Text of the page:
Incoterms are about to change, are you ready?
Let’s forget about Brexit for a minute and focus on an upcoming change that is going to affect every exporter regardless of the region you sell to. Incoterms are about to change and you need to know what this means and how this affects you to stay protected.
In case you were not fully away Incoterms are essential for all international trade, providing a globally accepted term for international freight delivery. The Incoterms covers the delivery point for the goods sold along with establishing exactly the responsibilities, risks and costs that are associated with both the seller and the buyer. These terms have been in circulation since they were initially created in 1936 and have recently been updated every ten years with the next update due in January 2020.
The first thing to be aware of is, is when you need to change your Incoterms.
You should use the new terms from the 1st of January 2020 and as they are already published you should have plenty of time to become acquainted with the new codes that you will use to replace your existing one.
Can you use the new codes before January 2020?
You can start using the term if the contract specifically refers to the new terms over the current ones. In the same respect, you do not have to switch over straight away to the new terms. If you choose to work with the 2010 set of Incoterms you can however this needs to be clearly stated and defined in the contracts. It is expected though that within 18 months all companies will be fully compliant with the 2020 terms.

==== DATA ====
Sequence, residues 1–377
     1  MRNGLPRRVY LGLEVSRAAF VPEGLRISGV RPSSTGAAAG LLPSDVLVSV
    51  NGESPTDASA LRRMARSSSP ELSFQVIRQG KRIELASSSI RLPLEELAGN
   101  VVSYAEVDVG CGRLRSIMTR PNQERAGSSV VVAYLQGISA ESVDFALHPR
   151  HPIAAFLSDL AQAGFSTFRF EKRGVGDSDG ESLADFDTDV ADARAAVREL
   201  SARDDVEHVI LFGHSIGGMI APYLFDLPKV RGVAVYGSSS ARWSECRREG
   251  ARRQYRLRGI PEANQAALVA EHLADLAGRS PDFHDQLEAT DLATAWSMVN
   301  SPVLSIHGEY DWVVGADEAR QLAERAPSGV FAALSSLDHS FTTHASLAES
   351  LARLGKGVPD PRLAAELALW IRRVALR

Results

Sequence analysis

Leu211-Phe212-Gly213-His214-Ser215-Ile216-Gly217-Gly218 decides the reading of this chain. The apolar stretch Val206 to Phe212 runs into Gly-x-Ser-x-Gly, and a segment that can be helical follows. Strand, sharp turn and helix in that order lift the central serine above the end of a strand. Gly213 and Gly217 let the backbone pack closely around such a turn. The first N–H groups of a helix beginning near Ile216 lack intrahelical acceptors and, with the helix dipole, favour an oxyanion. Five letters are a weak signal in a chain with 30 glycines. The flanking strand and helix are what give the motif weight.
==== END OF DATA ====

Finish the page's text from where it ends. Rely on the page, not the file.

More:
Now, what do you need to do about Incoterms 2020?
First off find out what terms your business currently uses and how they are going to change. It is unlikely that you currently use every term so don’t be overwhelmed by changes that will not affect you.
This is actually a great opportunity for you to audit your current terms and make sure that you are actually using the most appropriate ones currently, you may be surprised.
You can find the full set of 2010 Incoterms here https://iccwbo.org/resources-for-business/incoterms-rules/incoterms-rules-2010/